Internal Audit / Evaluation
OECD Internal Audit (IA) reports directly to the Secretary-General, and, including its Director, comprises a team of four. It is part of an Audit Architecture which also comprises External Audit (the Supreme Audit Institution of a Member country selected via call for tender) and an Audit Committee (a sub-Committee of the governing body).
IA was created on 1 January 2003, and its mandate was updated effective 1 November 2008. In accordance with the International Standards for the Professional Practice of Internal Auditing of the Institute of Internal Auditors (“the Standards”), IA provides the Secretary-General with an independent and objective assurance and advisory activity designed to add value and improve the Organization’s operations. It helps the Organisation achieve its objectives by bringing a systematic, disciplined approach and improve the effectiveness of risk management, control and governance processes.
Internal Control Framework
IA exists in a context where the Organisation has adopted an Internal Control Framework, which is based on “COSO”, the generally accepted definition of Internal Control. Internal Control comprises policies and procedures implemented by, and under the responsibility of, management, designed to mitigate risks. Risks are factors which might prevent the achievement of objectives, strategic, operational and financial.
A register of risks as compiled by management, describing the risks, their likelihood and impact, and defining those responsible for managing them, is prepared for the Secretary-General and the Budget and Audit Committees.
At year end, Directors attest to having in place controls that provide “reasonable assurance” that Financial, Staff and other relevant regulations have been complied with for the budgets for which they are responsible.
In accordance with the Standards, IA compiles and conducts a work plan designed to enable it to provide the Secretary-General with an independent and objective opinion on the quality of this Internal Control Framework.
A risk-based Internal Audit work plan
The IA annual work plan is based on several factors, including IA’s own perception of areas meriting attention, the risk register, discussion with management. It is also established in coordination with External Audit. Following the input and approval of the Secretary-General, this plan is presented to and discussed with the Audit Committee. In addition to this work plan, IA will propose, or will respond to requests for, independent advice for the Secretary-General and management on internal control issues relating to ongoing financial and operational reforms.
Internal Audit methodology and reporting
Assignments are performed in accordance with agreed terms of reference, findings are made based mainly on interview and sample testing, and participating management is provided with drafts of IA observations and recommendations for discussion.
When finalized, the report, comprising an Executive Summary and detail, and including the responses of management, is communicated to the Secretary-General. The Secretary-General then sends this report to management requesting their planned action for implementation of the recommendations. Six months following receipt of this action plan, the Secretary-General requests an update on the status of implementation.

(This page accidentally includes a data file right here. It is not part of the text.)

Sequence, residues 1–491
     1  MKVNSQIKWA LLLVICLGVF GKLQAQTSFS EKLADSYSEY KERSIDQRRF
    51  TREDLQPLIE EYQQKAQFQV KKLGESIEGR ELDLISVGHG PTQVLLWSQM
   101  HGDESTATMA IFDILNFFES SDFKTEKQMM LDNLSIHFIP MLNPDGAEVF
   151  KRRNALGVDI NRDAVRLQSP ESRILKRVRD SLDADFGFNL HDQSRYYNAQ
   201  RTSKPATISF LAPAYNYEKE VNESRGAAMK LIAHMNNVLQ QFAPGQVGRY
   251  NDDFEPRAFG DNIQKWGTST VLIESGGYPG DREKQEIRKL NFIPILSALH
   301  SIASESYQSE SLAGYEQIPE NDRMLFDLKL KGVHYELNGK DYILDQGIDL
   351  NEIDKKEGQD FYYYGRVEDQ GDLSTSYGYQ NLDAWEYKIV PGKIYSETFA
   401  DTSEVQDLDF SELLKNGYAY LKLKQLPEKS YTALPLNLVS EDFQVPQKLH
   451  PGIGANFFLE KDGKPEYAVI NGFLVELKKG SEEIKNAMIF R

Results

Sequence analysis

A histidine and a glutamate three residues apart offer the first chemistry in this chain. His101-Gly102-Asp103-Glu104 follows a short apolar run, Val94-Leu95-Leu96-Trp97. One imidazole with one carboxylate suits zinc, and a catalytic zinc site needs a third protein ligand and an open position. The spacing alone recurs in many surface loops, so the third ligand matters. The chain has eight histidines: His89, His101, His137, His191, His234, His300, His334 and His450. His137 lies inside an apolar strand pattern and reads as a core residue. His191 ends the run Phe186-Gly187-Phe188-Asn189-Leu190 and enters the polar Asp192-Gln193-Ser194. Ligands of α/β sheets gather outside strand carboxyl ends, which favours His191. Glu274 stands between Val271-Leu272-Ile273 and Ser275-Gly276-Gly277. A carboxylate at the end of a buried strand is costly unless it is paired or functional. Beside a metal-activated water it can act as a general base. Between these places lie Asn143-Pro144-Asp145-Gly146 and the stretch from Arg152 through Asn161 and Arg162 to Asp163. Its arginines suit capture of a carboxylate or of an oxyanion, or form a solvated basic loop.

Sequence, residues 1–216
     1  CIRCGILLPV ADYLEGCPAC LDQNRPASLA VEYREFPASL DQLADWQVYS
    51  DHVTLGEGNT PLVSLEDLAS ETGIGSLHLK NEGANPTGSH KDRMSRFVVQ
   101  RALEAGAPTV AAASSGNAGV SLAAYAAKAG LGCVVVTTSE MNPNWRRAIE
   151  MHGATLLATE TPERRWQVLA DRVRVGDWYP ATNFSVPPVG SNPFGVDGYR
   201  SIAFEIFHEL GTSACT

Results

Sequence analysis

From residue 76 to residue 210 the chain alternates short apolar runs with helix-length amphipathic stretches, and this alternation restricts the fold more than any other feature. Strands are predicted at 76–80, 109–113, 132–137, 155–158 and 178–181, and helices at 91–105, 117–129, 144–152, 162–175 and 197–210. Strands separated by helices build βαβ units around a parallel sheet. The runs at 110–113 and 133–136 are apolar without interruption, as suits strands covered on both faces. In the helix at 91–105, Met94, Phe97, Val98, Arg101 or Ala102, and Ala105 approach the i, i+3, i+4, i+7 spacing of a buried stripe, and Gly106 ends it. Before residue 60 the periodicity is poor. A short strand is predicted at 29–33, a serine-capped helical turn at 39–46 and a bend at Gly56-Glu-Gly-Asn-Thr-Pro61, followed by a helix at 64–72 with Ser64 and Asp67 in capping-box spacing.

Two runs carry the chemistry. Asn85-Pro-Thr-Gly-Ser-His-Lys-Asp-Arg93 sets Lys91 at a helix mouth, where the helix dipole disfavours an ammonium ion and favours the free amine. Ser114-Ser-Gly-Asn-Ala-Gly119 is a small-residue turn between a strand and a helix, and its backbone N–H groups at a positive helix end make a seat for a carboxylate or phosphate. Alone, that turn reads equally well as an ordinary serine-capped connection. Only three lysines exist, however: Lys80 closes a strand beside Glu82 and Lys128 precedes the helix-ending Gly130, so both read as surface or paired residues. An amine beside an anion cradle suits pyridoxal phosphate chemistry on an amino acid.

The Executive Summary of each report is communicated to, and discussed with, the Audit Committee, as is the status of follow-up to IA recommendations.
This work is summarized in an annual report to Council.
An IA official performs the function of secretary to the Audit Committee (agenda, meeting summaries and other administrative duties).
Evaluation & the OECD
Evaluation is an instrument that is used by administrations and organisations to produce relevant and reliable results-focused information that enables them to take decisions on a more informed basis. In accordance with this general principle, the overarching goal of In-depth Evaluation in the OECD is to provide the Council with a mechanism through which it can “assess whether Committees are conducting processes, delivering outputs and achieving impacts that are in line with Members’ policy expectations and priorities and the comparative advantage of the OECD, and that represent value-for-money to capitals” [C(2004)190].
In-depth Evaluation, as an integral part of the OECD’s Integrated Management Cycle, was implemented in 2005 under the responsibility of the Evaluation Committee (an advisory body of the Council) and conducted by the In-depth Evaluation function situated within the Secretariat’s Internal Audit and Evaluation Unit. It comprises three staff members.
In-depth Evaluations are designed to support Council in its oversight of Committees so as to better hold them accountable for their performance. In this context, Committees are assessed with respect to the relevance of their policy direction, their effectiveness in terms of policy impact and how efficiently they function.
A second and equally important aspect of In-depth Evaluation is the use of evaluation results to increase the understanding of the strengths and weaknesses of Committees so as to provide a basis for learning from past performance in order to optimise future results. It is in the context of fostering improved performance that evaluation recommendations are endorsed by Council and systematically monitored for implementation for a year, and sometimes longer, after the completion of an evaluation.
Permanent URL: www.oecd.org/internalaudit
Financial Statements of the OECD as of 31 December 2003